With the World Cup now just two and a half months away, and having seen their team qualify for the tournament in style, there is one question that will be on the minds of England fans ahead of football’s biggest party – Do England have a realistic chance of winning the World Cup? The good news is that we do, without a shadow of a doubt. The bad news is that so do Brazil, Spain, Germany, Argentina, Italy, France, the Netherlands and possibly Portugal. The nature of knockout tournaments (especially tournaments with single-legged knockout rounds) is that all it takes is an unfortunate own goal or a poor refereeing decision and you’re out! It doesn’t matter how strong your squad is – whether you’re Brazil or Honduras, any team can be knocked out of the competition in the latter stages instantly, regardless of how well they’ve played in previous rounds. For a team to win the tournament, they need to play consistently well in every knockout match. In recent tournaments, England have either failed to do this, or suffered the heartbreak of being knocked via a penalty shootout. Naturally, the stronger your team the greater your chance of winning the tournament, but the competition is a more open contest than many would believe. Pundits who claim that either Brazil or Spain are nailed on certainties to win this year’s tournament are wrong.
The question for England, and indeed any team with serious ambitions of winning the competition, is whether they can beat the best teams in the world in the latter stages of the tournament. With the group England have, there can be no excuses for not finishing top – Algeria and Slovenia should represent relatively easy victories for England, and the USA, though a better team than the aforementioned, with some quality players, are still in a class below England, and anything less than first position in Group C will be a disappointment on England’s part. If they do this, and assuming Germany top Group D, England will face either Australia, Ghana or Serbia in the last 16. Any one of these teams could progress through their group, but regardless of whom they play, England should (emphasis on the word should!) be capable of advancing to quarter finals, and from this point on, they will need to prove themselves against the best teams in the world. The most likely quarter final opponents would be France, the most likely semi final opponents Brazil, and if England were to make it to the final, their most likely opposition would be Spain.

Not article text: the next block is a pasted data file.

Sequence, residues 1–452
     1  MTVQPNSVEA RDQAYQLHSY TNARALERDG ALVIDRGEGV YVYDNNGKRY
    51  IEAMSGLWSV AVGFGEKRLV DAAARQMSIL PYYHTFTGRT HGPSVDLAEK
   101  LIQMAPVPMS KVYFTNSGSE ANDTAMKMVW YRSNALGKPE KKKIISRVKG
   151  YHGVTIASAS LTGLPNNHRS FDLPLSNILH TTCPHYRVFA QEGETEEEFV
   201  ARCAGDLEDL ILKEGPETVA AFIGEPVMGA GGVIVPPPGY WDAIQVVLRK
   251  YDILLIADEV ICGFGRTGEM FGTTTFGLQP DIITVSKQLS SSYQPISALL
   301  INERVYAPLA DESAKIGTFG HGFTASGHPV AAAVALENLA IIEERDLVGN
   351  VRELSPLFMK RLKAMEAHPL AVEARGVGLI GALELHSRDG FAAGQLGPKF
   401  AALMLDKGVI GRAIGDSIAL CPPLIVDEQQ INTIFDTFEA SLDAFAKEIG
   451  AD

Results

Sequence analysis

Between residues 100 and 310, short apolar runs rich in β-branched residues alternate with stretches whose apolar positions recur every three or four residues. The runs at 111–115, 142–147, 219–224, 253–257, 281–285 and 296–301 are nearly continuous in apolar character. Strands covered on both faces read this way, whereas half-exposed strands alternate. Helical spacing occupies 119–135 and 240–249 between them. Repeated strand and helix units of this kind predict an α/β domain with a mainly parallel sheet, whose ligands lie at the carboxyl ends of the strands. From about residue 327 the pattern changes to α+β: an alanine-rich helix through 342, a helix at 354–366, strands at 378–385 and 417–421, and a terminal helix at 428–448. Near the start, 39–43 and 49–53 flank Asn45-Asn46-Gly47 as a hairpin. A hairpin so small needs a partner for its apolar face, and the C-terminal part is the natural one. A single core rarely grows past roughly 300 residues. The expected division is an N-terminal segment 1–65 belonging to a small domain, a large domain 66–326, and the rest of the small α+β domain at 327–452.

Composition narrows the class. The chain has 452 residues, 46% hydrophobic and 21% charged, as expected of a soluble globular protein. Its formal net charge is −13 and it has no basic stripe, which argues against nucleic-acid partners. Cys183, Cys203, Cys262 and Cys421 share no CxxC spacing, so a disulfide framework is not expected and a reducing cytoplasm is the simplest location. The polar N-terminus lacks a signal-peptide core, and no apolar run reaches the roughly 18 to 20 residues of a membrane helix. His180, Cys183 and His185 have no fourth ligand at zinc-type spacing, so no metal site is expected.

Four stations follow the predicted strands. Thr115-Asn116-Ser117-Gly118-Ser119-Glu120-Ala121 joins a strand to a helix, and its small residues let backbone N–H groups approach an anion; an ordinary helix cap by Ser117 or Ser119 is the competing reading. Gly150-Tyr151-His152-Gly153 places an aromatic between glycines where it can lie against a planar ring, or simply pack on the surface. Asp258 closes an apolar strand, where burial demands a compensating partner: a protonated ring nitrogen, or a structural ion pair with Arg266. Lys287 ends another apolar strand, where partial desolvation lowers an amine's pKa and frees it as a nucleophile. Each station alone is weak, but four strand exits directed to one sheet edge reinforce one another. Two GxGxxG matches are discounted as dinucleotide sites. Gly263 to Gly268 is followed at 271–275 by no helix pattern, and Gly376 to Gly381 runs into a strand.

However, England’s recent performances against the world’s best have left much to be desired. They were outclassed in both the 1-0 defeat by Brazil in Qatar last November, and the 2-0 away defeat by Spain in February 2009. Granted, we beat Germany in Munich under Capello, but England’s major shortcoming, both in friendlies and major tournaments in recent years is an inability to beat the best teams in the world, and this is a concern. For this reason, I can see us overcoming France in the quarter finals, but against a very physically strong and organised Brazilian side under Dunga, I can see England falling short.
That said, anything can happen in the knockout stages, and England arguably have the strongest squad in the competition, bar the Brazilians and the Spaniards. Players such as Wayne Rooney, whose performances this season have been outstanding, may provide the firepower in attack needed to have a chance of beating the likes of Brazil and Spain. Lampard and Gerrard (who for the record can and should play together) provide real quality in midfield in terms of passing, creativity and ultimately goal threat, and England have been solid in defence for many years now, underpinned by the quality of Rio Ferdinand and John Terry in central defence. If the former can remain fit and the latter put the media witch hunt regarding his personal life behind him then they have the potential to form the strongest centre back partnership in the tournament. England’s spine is very strong, reinforced by Gareth Barry in central midfield, but questions still remain as to who should partner Rooney in attack, who should play on the right wing, and also in the full back positions, and time is running out for Fabio Capello to decide on his strongest starting XI. After Wayne Bridge ruled himself out, the fitness of Ashley Cole will be key at left back, and if he chooses to select Glen Johnson and Aaron Lennon on the right flank, England will have an excellent goal threat from this side of the pitch.
Opportunity then beckons for England. They go into the tournament with confidence and with one of the strongest squads they have had since winning the competition in 1966. They’ve played some of their best football in a long time under Capello by playing at a fast tempo, and not being afraid to attack teams, as we saw in both the home and away matches against Croatia in qualifying. If they can replicate this form on the big stage, and play fluid, attacking football against the world’s best, then they have a realistic chance of bringing the trophy home. Fingers crossed!
England’s most likely route to the final:
If they win their group:
Last 16: Ghana/Australia/Serbia
Quarter Final: France
Semi Final: Brazil
If they finish as runners up in their group:
Last 16: Germany
Quarter Final: Argentina
Semi Final: Spain